Glorious tombs and an old pub draw Ronald Blythe to a small town
MURKY warm December days. Strangely pleasant. We drive to Framlingham on the spur of the moment. The little town, with its great history, is still and wet. I remember once coming home from baking Sydney, and loving the raindrops sliding down the plane windows at Heathrow.
Advent is in the air: an almost tangible time when we “put on the armour of light” – an enchanting activity – and when “love is the fulfilling of the law”. The car splashes past endless empty fields, which are faintly ruled with sugar beet. Framlingham Castle, with its 13 towers, has an ephemeral look, as though it might blow away, and Framlingham School comes and goes on the horizon, as though telling us “Don’t take me for granted.”
It was built to educate the sons of Suffolk farmers with money left over from building the Crystal Palace. This sensible idea came from the Prince Consort, whose statue presides in the distance.
We make for the Crown, and have lunch by the fire. Inertia reigns. The old room is full of ghosts: neighbours from long ago; schoolmasters taking a break; my friend the poet James Turner, who vanished to Cornwall; the Falstaffian rector in his cassock, tweeds, and tennis clothes; and my bike in the courtyard.
It was at Framlingham Castle that Mary Tudor learned of the death of her half-brother, Edward VI, and the accession of poor Lady Jane Grey to the throne. Vast events in a quiet countryside. And now a handful of folk in a bar, and the Christmas decorations.
My favourite reason for coming to Framlingham, however, is to marvel yet again at the glorious tombs of the Dukes of Norfolk, especially the one with its Genesis frieze – a favourite of Benjamin Britten, and from which he took his church parable Noye’s Fludde. He was fascinated, as I was, by the extraordinary things that filled our local churches, and, should one be a composer or a writer, were there for the taking. He would drive off in his big old car on the spur of the moment, as I had done this week, to look once again at what he regarded as his by right of birth: some view, some object in a vast or tiny village church.
But Advent. The liturgy trembles with expectation and dread, with joy and fear. The Creator enters his creation as a child. Advent for Adventus,coming. The liturgical year begins. Long ago, it was as severely kept as Lent. But, now, shopping shouts it down. Some scenes on television of bargain hunters were little less than disgusting.
For me, music expresses it far more than words. Music in which Jesus is given such beautiful names: Emmanuel, Desire of Nations, Wisdom from on High, Dayspring, Lord of David’s Key, names filled with urgency and longing. George Herbert added to the list: “Come, my Way, my Truth, my Life. . . Come, my Light, my Feast, my Strength. . . Come, my Joy, my Love, my Heart.”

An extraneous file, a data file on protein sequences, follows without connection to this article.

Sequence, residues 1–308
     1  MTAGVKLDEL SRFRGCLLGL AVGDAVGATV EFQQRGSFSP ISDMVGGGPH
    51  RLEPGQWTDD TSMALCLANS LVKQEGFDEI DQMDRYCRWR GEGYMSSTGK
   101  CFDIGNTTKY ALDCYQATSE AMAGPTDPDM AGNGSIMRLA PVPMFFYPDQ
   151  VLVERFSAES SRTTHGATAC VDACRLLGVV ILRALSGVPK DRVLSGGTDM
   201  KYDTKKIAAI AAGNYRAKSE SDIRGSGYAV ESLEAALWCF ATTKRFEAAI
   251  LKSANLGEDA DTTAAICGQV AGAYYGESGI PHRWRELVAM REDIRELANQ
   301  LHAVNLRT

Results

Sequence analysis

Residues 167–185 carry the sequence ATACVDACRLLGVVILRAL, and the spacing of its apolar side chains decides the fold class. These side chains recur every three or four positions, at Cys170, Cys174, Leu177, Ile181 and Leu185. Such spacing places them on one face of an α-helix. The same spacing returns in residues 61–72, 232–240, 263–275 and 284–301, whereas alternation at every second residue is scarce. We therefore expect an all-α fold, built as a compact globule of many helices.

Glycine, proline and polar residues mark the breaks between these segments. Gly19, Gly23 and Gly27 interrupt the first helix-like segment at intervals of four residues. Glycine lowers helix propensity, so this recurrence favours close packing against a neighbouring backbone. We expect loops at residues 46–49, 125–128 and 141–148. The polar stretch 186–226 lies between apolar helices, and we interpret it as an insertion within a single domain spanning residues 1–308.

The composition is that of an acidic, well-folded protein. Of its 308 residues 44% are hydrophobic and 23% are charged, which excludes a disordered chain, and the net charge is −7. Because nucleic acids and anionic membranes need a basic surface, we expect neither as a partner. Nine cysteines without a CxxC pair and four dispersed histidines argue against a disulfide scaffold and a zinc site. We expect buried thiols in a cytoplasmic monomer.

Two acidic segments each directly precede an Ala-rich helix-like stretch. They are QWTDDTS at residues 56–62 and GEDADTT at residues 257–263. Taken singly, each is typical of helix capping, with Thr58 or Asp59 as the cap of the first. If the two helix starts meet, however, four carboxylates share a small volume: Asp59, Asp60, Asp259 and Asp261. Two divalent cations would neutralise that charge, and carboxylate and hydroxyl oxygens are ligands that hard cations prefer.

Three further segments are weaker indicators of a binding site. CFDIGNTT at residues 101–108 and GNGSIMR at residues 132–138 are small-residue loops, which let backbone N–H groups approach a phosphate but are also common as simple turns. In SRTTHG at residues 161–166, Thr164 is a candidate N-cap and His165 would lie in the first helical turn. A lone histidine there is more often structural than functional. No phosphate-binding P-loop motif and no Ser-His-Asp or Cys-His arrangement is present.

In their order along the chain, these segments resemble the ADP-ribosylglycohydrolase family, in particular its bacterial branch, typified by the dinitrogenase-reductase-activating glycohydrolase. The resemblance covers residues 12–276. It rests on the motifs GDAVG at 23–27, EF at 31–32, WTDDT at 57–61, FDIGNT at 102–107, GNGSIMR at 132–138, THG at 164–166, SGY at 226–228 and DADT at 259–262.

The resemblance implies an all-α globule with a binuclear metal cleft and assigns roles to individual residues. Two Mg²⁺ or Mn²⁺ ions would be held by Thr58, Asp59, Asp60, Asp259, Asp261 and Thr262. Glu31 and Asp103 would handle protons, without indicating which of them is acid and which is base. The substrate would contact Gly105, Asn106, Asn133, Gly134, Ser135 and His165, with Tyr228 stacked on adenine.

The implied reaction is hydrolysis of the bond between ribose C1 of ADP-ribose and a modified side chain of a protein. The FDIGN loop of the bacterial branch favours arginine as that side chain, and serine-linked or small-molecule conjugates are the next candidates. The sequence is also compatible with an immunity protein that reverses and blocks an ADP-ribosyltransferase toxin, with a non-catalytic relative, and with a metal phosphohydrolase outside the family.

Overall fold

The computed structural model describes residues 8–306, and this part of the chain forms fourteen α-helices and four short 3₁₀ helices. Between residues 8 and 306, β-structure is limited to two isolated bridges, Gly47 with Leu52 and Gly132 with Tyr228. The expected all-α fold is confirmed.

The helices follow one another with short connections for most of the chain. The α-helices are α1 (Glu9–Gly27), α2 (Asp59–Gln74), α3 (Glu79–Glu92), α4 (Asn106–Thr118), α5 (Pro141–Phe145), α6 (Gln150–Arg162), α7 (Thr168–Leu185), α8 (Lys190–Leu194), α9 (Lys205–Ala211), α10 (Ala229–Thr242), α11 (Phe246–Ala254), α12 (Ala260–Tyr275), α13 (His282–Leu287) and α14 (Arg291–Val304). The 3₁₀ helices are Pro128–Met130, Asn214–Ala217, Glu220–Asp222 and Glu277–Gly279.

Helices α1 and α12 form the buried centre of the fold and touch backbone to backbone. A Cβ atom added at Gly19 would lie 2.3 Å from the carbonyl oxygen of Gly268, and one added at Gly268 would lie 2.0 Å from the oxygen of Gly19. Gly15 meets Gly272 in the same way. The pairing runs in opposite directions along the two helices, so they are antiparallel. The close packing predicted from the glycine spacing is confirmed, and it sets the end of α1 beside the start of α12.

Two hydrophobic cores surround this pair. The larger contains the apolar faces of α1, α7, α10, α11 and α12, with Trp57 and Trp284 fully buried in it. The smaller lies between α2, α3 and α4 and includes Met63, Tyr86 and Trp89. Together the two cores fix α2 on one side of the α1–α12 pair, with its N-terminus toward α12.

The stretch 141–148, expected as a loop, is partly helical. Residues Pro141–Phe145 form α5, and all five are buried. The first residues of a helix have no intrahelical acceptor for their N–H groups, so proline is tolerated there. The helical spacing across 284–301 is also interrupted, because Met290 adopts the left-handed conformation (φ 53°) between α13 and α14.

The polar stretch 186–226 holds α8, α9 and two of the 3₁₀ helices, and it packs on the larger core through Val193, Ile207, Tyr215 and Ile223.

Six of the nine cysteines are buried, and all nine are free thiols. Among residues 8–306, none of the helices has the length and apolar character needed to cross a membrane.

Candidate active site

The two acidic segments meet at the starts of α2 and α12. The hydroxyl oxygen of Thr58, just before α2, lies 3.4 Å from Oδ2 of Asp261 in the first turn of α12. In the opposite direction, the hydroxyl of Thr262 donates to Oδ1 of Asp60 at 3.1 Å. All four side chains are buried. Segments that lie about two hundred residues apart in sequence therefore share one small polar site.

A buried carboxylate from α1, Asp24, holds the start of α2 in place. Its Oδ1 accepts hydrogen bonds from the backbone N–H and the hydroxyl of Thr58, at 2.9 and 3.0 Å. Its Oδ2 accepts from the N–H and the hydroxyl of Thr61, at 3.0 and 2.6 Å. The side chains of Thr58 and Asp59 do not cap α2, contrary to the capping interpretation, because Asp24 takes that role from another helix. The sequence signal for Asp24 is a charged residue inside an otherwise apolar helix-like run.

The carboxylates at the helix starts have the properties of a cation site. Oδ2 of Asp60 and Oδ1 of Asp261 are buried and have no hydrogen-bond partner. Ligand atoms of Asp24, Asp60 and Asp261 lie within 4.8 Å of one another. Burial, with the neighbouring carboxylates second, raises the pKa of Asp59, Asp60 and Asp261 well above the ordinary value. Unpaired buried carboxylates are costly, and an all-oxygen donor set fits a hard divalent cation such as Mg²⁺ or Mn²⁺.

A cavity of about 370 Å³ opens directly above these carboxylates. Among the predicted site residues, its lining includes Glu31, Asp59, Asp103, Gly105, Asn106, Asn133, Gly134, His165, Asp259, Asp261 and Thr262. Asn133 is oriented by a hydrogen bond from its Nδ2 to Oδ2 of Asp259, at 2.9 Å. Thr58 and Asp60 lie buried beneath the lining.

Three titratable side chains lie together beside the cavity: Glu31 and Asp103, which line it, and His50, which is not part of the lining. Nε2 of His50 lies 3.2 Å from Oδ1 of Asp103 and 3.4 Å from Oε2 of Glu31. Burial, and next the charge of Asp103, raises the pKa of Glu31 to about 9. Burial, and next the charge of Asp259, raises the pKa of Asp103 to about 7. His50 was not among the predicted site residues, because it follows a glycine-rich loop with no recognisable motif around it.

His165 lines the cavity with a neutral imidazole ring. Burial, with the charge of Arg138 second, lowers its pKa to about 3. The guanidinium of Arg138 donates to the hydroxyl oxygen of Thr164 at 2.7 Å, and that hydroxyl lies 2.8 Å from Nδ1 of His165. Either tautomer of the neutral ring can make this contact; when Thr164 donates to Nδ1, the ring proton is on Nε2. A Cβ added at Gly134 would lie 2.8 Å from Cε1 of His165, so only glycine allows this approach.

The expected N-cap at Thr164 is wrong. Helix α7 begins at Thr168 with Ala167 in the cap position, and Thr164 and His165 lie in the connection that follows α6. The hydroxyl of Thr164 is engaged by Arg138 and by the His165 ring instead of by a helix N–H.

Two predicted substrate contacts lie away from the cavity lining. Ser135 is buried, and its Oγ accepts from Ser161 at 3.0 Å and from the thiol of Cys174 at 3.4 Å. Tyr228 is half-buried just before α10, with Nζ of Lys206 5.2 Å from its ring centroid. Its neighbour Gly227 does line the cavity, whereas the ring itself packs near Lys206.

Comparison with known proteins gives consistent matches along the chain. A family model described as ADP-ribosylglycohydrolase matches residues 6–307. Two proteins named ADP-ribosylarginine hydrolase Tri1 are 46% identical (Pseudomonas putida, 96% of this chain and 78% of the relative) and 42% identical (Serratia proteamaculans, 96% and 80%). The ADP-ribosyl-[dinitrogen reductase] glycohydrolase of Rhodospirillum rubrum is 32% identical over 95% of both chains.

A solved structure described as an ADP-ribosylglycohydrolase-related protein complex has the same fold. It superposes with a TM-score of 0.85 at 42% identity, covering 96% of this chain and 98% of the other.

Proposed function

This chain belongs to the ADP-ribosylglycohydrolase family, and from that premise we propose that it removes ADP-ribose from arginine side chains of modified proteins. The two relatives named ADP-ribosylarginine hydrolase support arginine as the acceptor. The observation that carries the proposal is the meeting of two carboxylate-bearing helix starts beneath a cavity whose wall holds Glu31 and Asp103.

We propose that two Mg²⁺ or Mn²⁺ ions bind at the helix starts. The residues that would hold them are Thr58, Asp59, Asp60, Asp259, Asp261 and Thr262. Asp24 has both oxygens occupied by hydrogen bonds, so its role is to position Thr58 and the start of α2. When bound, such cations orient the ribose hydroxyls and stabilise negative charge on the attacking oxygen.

I rake the main paths, and push barrow-loads of sodden leaves out of sight. Robins fly ahead. Keith arrives. May he take some holly? It is berry-less, but shining, an immense wall of it glittering and clattering when the wind gets into it. Geoffrey Grigson said that working holly into Christian belief was easy. It was thorny and blood-coloured. People once believed that the Cross was made from it. In old ballads, Holly is the man, and Ivy the woman.
But I prefer to see it as it is: evergreen, ever present in the farmhouse garden, and stuck behind the pictures on Christmas Eve.
Do not be afraid
Knife crime, gun crime, immigration, unemployment, genocide, the war on terror, nuclear holocaust, Aids, bird flu, anti-biotic resistant super bugs and now Ebola, it feels as if the world is gripped by one potentially life threatening or ‘civilisation as we know it’ threatening cataclysm after another. And we are understandably filled with fear.
Into this maelstrom of panic and dread is the Christmas season a welcome escape, or an opportunity to get some perspective? Well, there are probably many people who will indeed eat and drink and forget the troubles of the world at Christmas, and good luck to them. But for those of us who look to Bethlehem, not Bluewater, for our centre of gravity at this time of year we encounter a very different story and a very different set of challenges.
So may the words of the angel Gabriel to Mary ring out loud and clear across the globe, and if only they were strung up in brightly flashing neon lights in every High Street: ‘Do not be afraid’. Yes, there are the most terrible horrors engulfing our world, not least the Ebola outbreak and its possible consequence for all of us, and the already devastating toll it has taken on some of the world’s poorest communities. But Mary is told not to be frightened because she is to be the one through whom God’s purposes of love and justice will be made known. This can also be true for us, who follow Jesus. We can be bearers of his love and his justice, ordering the world differently.